Stress testing your DevOps environment

By Arun Shankar   13 February, 2018
Stress testing your DevOps environment

Charbel Khneisser, Regional Presales Director METNA, Riverbed.

The digital transformation process driving growth in today’s cutting-edge enterprises, owes much of its success to applications, and DevOps continuous delivery practices play a key role in the delivery of that new software. Yet, according to new research by Enterprise Management Associates, 70% of companies still rely on primarily siloed, manual troubleshooting practices when addressing application performance issues.

Why is this a problem? Well, those same organisations report that such troubleshooting practices are the primary factor slowing the continuous delivery pipeline, which is contrary to the DevOps credos of accelerated development, increased automation, and frequent, high-quality releases.

One of the main philosophies underpinning DevOps is fail fast, fail often, and as a result, not every release can be expected to be perfect. However, introducing performance monitoring tools into the equation allows developers to still apply the fast portion of that mantra while also experiencing a higher likelihood of success.

A common stumbling block during the application development process is the unknown factor that a real-world scenario represents. An application may work perfectly well in isolation or for demonstration purposes, but then fail or dramatically slow down when implemented in a real-world environment.

This is where Application Performance Management can help. Instead of simply assuming that software will behave as intended upon deployment, Application Performance Management provides developers with the functionality to find out, offering realistic feedback loops that better simulate the real-world conditions in which the application is intended to operate.

However, in order to maximise the benefits of Application Performance Management in the context of DevOps, a shift in mentality is required. DevOps-oriented teams should focus on quality earlier in the lifecycle. After all, quickly getting new features into users’ hands means very little if they ultimately become frustrated with the new release, or otherwise fail or refuse to use it. Application Performance Management offers more assurances that end-users will operate applications as intended.

Speeding up development and release cycles to get the newest features into the hands of users means very little if those features are buggy. Moreover, underperforming features not only frustrate users, but they are costly to fix. According to IBM, resolving bugs in production is 15x more expensive than fixing them during testing.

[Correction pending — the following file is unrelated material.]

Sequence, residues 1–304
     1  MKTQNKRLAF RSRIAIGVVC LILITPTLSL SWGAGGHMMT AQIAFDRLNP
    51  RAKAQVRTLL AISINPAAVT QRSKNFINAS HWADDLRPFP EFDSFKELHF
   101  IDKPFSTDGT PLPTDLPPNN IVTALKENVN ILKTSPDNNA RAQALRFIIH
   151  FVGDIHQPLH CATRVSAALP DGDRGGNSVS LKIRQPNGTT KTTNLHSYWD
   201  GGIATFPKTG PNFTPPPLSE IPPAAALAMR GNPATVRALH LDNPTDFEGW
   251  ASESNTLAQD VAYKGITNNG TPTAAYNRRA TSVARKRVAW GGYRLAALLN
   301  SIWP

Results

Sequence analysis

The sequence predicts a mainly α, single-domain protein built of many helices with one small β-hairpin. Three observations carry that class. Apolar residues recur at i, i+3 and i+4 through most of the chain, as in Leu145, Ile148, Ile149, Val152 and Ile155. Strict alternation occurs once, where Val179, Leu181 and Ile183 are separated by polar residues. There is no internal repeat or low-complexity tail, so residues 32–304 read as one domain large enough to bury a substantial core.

Detailed performance diagnostics can help identify and resolve bugs early in the development lifecycle and keep developers focused on coding, rather than constantly recreating flawed test scenarios. Using Application Performance Management in the staging environment, where engineers try to simulate load and understand performance before it goes live, will ensure an application passes load tests and does not buckle under pressure.

With the right APIs, the process of collecting, sharing, and analysing performance data during testing and into production can virtually be automated as well, helping expedite processes and ensure releases perform optimally.

The increasingly complex nature of today’s application environments means that even with thorough testing, performance issues will still occur during production. Apps can span on-premise and cloud-based resources, consisting of short-lived components like containers, and often need to scale up and down quickly. This is compounded by increased rates of code changes, which, if not properly managed, only increase the likelihood of service interruptions.

Unfortunately, traditional approaches to performance monitoring are comprised of disjointed tools that do not talk to one another, and this can make it very difficult to pinpoint the root cause of an issue. As a result, problems persist much longer than they otherwise should.

However, a fully integrated toolset comprised of continuous, full-stack monitoring, unified dashboards and integrations with popular collaboration tools, should offer DevOps teams a holistic view of users’ experiences, resulting in much shorter mean-time to resolution.

Finally, it is important to remember that unless your application is useful to and popular with its users, then performance is almost an irrelevance. Any new development must be aligned with market needs and provide value to end-users and the business.

The good news is that Application Performance Management tools can also help understand user-behaviour patterns with software across releases. More specifically, they help determine what features are most popular, how they are performing, and how they impact productivity or revenue. So, from inception to reception, Application Performance Management can speed up the development process, increasing the efficiency of both DevOps teams and the wider business.

With user experience now a critical success factor, developers can no longer ignore testing their applications before go-live, elaborates Charbel Khneisser at Riverbed.

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